Ecuador was my first stop in South America and, after some early apprehension, I was sad to leave. Quito is not a particularly attractive city and if it has a nice area of sidewalk cafés, restaurants and interesting shops, I was never able to find it. But the city is easily managed on foot and the people are very friendly and helpful. After several days, I became quite comfortable here. The local beer was certainly drinkable and (unlike some places I would later visit) they knew how to make a decent pizza. I also found some very good Italian restaurants

From Quito, I took a day trip to Cotopaxi, which I was told is the world's highest, active volcano. I am sorry to say I never really got a good view of it because of the clouds (which developed later into a torrential downpour). The trip up to the volcano, however, gave me my first glimpse of the Andean highlands and the stark beauty of the altiplano.

From Quito, I also went on two longer excursions: five days in the Amazon rain forest and a week in the Galápagos Islands. The rain forest, known as El Oriente in Ecuador, was certainly interesting and I am glad I saw it. I was in an area along the Rio Napo, which is a tributary of the great Amazon River. Unfortunately, photography was very difficult because of the wet conditions (it is a rain forest, after all) and the dense foliage (which filters out most of the light). Also, it was very difficult to actually see any wildlife other than butterflies and birds. Monkeys, when spotted, were usually far in the distance, well beyond the range of my 80-200mm zoom lens. Therefore, you won't see many photographs here from the rain forest.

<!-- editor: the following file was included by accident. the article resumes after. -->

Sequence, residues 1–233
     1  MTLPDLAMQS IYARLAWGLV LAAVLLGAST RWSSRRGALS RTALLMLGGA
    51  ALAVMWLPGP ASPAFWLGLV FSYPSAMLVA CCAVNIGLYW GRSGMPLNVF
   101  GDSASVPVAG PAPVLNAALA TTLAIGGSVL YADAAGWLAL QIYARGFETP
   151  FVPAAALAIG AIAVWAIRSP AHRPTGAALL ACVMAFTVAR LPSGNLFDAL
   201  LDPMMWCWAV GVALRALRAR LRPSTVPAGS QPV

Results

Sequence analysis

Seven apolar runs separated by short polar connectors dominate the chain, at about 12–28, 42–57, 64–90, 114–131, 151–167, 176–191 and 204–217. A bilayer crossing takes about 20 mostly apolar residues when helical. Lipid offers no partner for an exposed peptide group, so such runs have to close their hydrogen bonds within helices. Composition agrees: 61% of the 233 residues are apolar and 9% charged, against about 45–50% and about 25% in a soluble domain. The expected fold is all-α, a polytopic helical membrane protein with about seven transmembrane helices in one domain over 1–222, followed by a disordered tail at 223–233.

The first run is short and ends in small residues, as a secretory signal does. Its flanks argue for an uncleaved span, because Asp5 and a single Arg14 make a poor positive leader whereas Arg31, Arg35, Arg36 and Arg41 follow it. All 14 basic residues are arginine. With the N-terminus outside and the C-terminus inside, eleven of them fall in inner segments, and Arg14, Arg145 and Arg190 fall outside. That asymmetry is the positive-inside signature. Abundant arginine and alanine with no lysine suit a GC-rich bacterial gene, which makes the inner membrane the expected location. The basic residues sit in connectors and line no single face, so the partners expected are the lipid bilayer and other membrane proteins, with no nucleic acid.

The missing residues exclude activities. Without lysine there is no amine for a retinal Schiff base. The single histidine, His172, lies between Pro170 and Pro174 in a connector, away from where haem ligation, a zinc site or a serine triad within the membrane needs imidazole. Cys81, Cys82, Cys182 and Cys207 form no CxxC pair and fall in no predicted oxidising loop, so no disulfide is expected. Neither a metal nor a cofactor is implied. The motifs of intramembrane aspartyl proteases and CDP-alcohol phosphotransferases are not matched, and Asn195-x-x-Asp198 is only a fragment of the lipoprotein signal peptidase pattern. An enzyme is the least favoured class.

The Galápagos Islands, on the other hand, were a photographer's dream. The animals have no fear whatsoever of humans. If one is not alert, it is possible to accidentally step on a bird, a sea lion or an iguana. If I had a problem with my zoom lens, it was that sometimes I was too close to focus! For many reasons, the Galápagos Islands were the highlight of the trip to Ecuador.

All in all, I came to like Ecuador very much. It is the least developed of the countries I visited, but it has much to see from the Andean highlands to the rain forest lowlands to the desert islands of the Galápagos. I hope to return someday and explore more of the mountainous backbone of the country, the "Avenue of the Volcanoes."

The photos in the slide show above offer some highlights of Ecuador. More photos and specific information about the areas I visited can be found on other pages, which can be reached from the drop-down list below.